Below are a few Fair Housing Act enforcement actions that have recently been announced by the Department of Housing and Urban Development (HUD). While these actions do not involve manufactured housing, they give helpful guidance to our industry. These short blurbs are adapted from Press Releases issued by HUD. To read all of HUD’s press releases for 2019, click here.
CALIFORNIA – In a case impacting communities that rent homes (as opposed to strict land-lease), HUD settled a case alleging a housing provider violated the Fair Housing Act and other laws when they refused to install grab bars in the showers of elderly tenants with disabilities and subsequently retaliated against them for making the requests. Read the Conciliation Agreement by clicking here.
The case arose when a married couple with disabilities filed a complaint alleging that the owner and property manager of a seniors’ complex refused to install grab bars in their bathroom and subsequently retaliated against them for making the request. Specifically, the couple claimed that after they asked for the accommodation, they were issued a notice accusing them of having created a noise disturbance.
Lesson learned – Have a reasonable modification policy, conduct an interactive process with the tenant requesting the modification, deny only for reasons allowed under the Fair Housing Act and don’t retaliate.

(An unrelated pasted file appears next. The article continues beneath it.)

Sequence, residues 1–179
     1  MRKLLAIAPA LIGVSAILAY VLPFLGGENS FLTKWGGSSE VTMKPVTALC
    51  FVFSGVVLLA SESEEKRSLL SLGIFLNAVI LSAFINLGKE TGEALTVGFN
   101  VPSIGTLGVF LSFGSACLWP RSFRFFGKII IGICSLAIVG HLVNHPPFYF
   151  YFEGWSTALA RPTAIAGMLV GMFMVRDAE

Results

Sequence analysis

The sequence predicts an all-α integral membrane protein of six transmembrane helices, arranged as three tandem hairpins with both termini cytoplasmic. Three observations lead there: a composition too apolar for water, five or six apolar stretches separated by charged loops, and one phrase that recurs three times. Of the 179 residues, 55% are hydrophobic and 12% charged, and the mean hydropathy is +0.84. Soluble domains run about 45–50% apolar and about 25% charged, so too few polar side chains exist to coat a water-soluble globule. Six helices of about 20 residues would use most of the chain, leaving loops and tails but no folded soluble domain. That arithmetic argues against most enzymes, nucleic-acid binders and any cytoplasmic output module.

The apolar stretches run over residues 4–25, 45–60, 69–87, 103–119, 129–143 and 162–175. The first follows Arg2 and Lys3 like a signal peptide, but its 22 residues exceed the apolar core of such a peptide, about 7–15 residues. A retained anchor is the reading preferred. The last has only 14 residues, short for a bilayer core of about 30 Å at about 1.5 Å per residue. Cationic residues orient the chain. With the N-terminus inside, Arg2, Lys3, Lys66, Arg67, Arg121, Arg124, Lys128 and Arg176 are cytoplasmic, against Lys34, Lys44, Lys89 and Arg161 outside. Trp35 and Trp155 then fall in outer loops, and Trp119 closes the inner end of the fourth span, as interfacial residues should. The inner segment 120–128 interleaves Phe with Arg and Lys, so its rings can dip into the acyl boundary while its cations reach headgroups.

GEORGIA – In a case regarding a question I’ve been asked at many Fair Housing Act training sessions, HUD has settled a claim where it was alleged that the housing providers (owners and managers) allowed African-American tenants at the property to be subject to repeated instances of racial harassment by white tenants, which included verbal attacks and physical assault. Read the settlement agreement by clicking here.
The case came to HUD’s attention when three African-American residents of an apartment complex filed complaints claiming that the owners of the property refused to investigate and address their claims that white tenants had subjected them to racial harassment and verbal and physical assaults, including attacks by dogs. The three residents further alleged that the property’s management ignored their maintenance requests and delayed the maintenance requests of other African-American residents.
I’ve been asked this question many times in Fair Housing Act training sessions. This is the first case I’ve ever read regarding landlords addressing discrimination amongst tenants. If you face a similar situation, I suggest you show this case to your lawyer before he offers you final legal advice.